This mausoleum is the final resting place of Jacob Moritz. I will leave the story of his life to The Dead History to tell, but Moritz got sick and went to Germany to spend some time in the mineral springs in hopes of curing himself. Instead, he succumbed to lung and stomach cancer in 1910 at the age of 61. His remains were sent back to Salt Lake City and placed in the mausoleum.

His wife would later remarry and move to California, where she died in 1959. It is said Moritz's remains were taken from the mausoleum and sent there as well.

So, is the mausoleum empty? Not really. There was a vase inside, but it was broken sometime during the 1970s. There is also a picture of Moritz hanging in the mausoleum. Although there's nothing sinister about the grave or the person within it, it has long been reported as haunted. Legends say that the face of a man will peer at you if you look through the mausoleum door's bars.

Others claim you can summon the ghost by walking around the mausoleum three times, chanting "Emo" on each rotation. After you're done, you're supposed to look through the bars and see a face peering back at you. In the 1970s, however, you were only supposed to put a match inside the bars, and you would see the face. Strange how these things change.

However, some time since 2013, the bars of the mausoleum were sealed up and nobody can peer inside. Although Moritz isn't buried there anymore, whatever might be in there can now finally rest in peace.

The other grave The Dead History told me to check out is that of Lilly Gray. Her grave is famous not for what she did in life, but the inscription on her stone. Unlike other graves that ask for the person to rest in peace, this one says, "Victim of The Beast 666".

Grave of Lilly Gray

Jones' has done plenty of research into this grave, and the grave of Lilly's third husband, Elmer Gray. She was able to uncover that Elmer had lived a hard life of crime, especially theft, and was even placed in a penitentiary. He often operated under different aliases and would make up stories to try and weasel out of trouble.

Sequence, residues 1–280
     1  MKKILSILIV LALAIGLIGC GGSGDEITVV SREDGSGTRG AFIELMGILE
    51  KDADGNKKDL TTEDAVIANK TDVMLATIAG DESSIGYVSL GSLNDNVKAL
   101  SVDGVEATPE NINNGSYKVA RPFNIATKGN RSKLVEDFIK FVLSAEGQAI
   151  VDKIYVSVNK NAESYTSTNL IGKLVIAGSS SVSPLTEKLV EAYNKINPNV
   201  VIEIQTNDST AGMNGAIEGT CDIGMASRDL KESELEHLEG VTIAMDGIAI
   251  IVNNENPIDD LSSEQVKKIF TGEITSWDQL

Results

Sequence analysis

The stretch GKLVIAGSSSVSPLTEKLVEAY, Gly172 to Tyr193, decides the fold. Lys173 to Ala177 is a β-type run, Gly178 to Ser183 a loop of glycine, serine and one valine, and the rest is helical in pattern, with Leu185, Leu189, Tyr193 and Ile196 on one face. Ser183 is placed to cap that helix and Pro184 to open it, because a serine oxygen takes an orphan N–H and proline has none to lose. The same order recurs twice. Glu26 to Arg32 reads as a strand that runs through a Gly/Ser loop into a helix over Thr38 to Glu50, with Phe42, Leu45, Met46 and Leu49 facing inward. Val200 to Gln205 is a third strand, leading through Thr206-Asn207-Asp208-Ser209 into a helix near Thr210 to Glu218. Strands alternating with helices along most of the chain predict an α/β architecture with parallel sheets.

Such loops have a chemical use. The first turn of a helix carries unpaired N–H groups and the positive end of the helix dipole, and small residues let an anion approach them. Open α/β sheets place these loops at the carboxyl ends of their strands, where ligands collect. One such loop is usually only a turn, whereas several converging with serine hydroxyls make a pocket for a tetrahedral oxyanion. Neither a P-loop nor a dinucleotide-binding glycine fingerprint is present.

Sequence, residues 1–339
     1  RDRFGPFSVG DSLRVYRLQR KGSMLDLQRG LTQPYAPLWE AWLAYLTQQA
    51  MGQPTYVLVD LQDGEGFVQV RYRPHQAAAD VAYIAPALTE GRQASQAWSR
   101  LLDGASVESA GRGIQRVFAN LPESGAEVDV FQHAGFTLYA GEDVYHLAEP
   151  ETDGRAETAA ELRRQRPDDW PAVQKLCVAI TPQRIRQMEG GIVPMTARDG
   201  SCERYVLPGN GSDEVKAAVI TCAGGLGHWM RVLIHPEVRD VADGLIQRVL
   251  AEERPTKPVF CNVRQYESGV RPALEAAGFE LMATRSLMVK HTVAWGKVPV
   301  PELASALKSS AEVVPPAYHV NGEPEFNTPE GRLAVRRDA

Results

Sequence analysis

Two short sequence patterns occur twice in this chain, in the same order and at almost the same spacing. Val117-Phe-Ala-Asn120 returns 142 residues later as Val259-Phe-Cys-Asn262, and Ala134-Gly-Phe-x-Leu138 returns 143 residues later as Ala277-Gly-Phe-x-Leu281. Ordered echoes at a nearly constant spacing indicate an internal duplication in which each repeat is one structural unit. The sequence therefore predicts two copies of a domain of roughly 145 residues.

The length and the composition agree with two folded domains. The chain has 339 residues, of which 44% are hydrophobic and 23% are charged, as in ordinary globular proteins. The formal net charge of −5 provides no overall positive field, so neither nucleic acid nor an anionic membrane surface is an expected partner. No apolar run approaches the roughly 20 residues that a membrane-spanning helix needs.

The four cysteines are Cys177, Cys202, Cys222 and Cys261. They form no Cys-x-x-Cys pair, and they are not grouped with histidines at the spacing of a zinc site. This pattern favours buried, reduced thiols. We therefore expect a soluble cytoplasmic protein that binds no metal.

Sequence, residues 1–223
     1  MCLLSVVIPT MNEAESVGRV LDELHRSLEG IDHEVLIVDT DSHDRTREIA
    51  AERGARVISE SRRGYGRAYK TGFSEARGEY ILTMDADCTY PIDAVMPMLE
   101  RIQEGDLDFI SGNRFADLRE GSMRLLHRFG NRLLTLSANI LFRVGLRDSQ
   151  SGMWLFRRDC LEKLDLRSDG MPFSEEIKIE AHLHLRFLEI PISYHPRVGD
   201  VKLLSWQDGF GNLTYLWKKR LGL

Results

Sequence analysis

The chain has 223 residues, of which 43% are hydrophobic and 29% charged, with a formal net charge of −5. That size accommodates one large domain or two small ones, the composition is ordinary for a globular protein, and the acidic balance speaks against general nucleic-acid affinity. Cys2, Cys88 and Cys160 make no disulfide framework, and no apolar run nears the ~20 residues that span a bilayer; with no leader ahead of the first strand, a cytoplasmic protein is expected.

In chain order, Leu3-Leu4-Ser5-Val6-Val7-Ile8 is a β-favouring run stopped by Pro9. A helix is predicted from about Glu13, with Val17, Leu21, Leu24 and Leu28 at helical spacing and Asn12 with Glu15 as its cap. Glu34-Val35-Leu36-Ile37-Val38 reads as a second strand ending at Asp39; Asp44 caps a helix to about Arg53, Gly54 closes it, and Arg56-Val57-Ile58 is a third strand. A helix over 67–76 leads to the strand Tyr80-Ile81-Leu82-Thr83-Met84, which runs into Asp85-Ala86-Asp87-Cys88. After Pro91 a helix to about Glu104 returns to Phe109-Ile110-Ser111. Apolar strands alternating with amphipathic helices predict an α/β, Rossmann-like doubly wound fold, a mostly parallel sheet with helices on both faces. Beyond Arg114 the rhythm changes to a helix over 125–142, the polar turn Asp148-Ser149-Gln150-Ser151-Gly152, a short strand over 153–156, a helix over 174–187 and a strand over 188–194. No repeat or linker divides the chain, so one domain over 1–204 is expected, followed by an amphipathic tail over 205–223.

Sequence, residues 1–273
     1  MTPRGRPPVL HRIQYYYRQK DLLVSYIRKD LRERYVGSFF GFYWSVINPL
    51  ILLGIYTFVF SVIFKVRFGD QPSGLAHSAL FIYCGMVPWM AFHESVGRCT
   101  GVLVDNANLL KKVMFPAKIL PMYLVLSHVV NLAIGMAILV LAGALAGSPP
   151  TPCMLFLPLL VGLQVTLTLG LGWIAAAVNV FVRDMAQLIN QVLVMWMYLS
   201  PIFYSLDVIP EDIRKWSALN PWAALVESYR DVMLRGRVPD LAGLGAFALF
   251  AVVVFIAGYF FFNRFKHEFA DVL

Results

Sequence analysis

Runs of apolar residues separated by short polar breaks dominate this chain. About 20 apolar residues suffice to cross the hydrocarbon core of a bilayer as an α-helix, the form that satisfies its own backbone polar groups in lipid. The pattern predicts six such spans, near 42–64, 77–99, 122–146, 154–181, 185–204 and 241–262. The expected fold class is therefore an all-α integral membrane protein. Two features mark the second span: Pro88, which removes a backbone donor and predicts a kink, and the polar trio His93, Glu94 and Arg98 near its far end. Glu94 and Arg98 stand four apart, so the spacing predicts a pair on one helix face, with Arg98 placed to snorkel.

Lilly married Elmer in 1952, at the ages of 71 and 72 respectfully. Their marriage was seemingly happy, with no crimes or charges on record. Six years later Lilly died of pulmonary embolism and kidney failure. Six years after that, Elmer died of a stroke.

So, why does the grave say "Victim of the Beast 666" on it? Some people say Lilly was a follower of the occultist Aleister Crowley, the "Wickedest Man in the World", and that she was part of a cult. Jennifer Jones of The Dead History has another theory instead, and it involves mental illness and politics. I won't ruin her research, so if you're curious to go take a look at her article.

Salt Lake City Cemetery

While I didn't have much time in Salt Lake City, I really enjoyed my stay. I loved the mysticism, the history, religion and a side of history I don't often hear of in Canada.

Have you ever been to Salt Lake City? What did you see while you were there? Tell me about it in the comments below! 

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24 Hours in Salt Lake City 24 Hours in Salt Lake City

And, as always, a big thank you to my sweetheart Jessica Nuttall for proof reading a countless number of my articles. I couldn't do any of this without you. I love you.